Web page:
Oscar Diggs (James Franco), a small-time circus magician with dubious ethics, is hurled away from dusty Kansas to the vibrant Land of Oz. At first he thinks he's hit the jackpot-fame and fortune are his for the taking. That all changes, however, when he meets three witches, Theodora (Mila Kunis), Evanora (Rachel Weisz), and Glinda (Michelle Williams), who are not convinced he is the great wizard everyone's been expecting. Reluctantly drawn into the epic problems facing the Land of Oz and its inhabitants, Oscar must find out who is good and who is evil before it is too late. Putting his magical arts to use through illusion, ingenuity-and even a bit of wizardry-Oscar transforms himself not only into the great and powerful Wizard of Oz but into a better man as well.Written by
Walt Disney Studios Motion Pictures
Although the film is cited as heavily "borrowing" details from the famous The Wizard of Oz (1939) film, there are not as many copyright issues as one might assume. Characters in Kansas and Oz being played by the same actors was first done in the 1925 version of The Wizard of Oz (1925). Kansas appearing in black-and-white and Oz in color was first done in the 1933 cartoon The Wizard of Oz (1933). The Munchkins have a celebration party, including singing and dancing, in chapter 3 of the original book. Therefore these elements are not original to the 1939 film. See more »
When Oscar is talking to Annie about leaving, the pendant of her necklace is under the bust line of her dress. When she stands up a few moments later, the pendant is visible. See more »
Front Gate Barker:
Hurry, hurry, step this way. Get your tickets now. Don't be shut out, friend. Step this way. See the most wondrous sights imaginable. pulled from the four corners of the Earth. Acts to delight, to thrill and to mystify! Walk through these gates and into the world of wonder.
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The opening credits are seen in a 1930s nickelodeon, with certain credits having their own qualities:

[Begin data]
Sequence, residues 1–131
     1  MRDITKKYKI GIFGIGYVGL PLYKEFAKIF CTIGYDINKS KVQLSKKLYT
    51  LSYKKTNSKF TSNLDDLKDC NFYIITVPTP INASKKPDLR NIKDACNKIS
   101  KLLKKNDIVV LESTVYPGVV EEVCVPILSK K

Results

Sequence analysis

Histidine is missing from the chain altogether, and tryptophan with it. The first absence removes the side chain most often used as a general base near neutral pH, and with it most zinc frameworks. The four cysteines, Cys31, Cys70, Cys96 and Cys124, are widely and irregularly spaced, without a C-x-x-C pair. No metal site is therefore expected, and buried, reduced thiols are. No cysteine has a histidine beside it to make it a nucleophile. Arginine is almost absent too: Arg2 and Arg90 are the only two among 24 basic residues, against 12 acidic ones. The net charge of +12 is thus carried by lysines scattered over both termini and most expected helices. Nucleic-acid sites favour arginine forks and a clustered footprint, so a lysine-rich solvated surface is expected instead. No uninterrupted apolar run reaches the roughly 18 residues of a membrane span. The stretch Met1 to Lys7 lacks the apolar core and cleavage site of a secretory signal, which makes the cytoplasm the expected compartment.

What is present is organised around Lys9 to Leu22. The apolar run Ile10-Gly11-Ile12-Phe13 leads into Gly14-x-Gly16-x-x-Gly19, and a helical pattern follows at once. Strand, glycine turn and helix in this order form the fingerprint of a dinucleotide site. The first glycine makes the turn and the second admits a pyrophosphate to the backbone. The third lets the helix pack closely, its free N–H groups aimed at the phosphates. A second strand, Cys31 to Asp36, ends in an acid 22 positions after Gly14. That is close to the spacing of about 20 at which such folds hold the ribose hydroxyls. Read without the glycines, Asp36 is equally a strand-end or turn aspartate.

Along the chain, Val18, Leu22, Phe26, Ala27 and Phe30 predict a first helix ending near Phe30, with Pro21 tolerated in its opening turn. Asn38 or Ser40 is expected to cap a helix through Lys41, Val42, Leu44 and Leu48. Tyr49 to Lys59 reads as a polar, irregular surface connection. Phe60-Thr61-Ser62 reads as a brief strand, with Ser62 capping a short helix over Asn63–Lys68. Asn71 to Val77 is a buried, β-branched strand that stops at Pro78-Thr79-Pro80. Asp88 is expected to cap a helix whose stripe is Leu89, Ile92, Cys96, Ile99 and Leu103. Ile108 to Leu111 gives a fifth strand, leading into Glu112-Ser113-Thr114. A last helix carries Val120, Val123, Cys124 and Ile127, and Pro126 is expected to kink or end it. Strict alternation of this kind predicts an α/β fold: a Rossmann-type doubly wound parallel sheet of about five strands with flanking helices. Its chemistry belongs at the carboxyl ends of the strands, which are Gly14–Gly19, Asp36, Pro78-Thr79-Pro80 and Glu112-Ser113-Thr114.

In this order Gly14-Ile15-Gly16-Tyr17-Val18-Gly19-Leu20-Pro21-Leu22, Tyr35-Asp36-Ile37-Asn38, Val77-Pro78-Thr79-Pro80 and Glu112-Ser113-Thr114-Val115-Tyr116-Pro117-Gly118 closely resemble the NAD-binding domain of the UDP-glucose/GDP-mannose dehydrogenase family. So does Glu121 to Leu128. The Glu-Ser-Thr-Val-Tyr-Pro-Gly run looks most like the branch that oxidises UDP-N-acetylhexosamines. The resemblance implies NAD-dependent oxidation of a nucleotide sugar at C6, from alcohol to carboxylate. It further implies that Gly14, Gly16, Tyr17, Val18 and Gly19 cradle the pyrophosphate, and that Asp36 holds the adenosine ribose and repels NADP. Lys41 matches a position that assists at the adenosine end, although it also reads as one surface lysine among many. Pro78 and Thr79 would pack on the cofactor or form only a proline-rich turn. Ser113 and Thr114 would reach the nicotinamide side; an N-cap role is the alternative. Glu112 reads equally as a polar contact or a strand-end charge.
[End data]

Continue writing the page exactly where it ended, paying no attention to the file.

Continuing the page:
if You didn't Know that this Movie was Directed by Sam Raimi, You wouldn't Know that it was Directed by Sam Raimi. All of the Style is in the CGI. It has a Certain Eye Candy Appeal that also Lacks Warmth, Depth, and Anything Resembling a Soul.
But here it is. A Mega-Million Dollar Spewing of the Plasticized, Industrial Art that has become the Standard for This Type of Thing. The Other Worldliness of the Superhero and other Fantasies. It can Work Very Well in Limited Quantities but when that's All there is, that's All there is.
James Franco is a Movie Star (and some may question why) and Not an Actor, so He can by No Stretch of the Imagination Pull off the Charm Needed for the Wizard. He Grins and Smirks and All the Women On Screen, and in the Audience, are Supposed to be Charmed Out of Their Pants. Right.
The Prequel has its Moments of Appeal, but Hardly Awe Inspiring. The Witches are Interchangeable Bores. The Flying Monkey is OK and the China Doll is the Most Memorable. There are a lot of Explosions and Fireballs to Pump the Sub-Woofers and Danny Elfman's Recognizable Style is Noticeable from the First Few Notes (did someone say repetition).
Overall, the Movie can be Recommended in a Gaudy kind of Display with Enough Color to Capture the Eye, but the Movie is Not that Captivating. It is such a Mediocre Movie that Slightly Betrays the Source Material and is Another Expensive Extravaganza that is by Most Accounts Disappointing and Adequate at Best. That's not much for Disney and the Pile of Gold it put out for this Thing.
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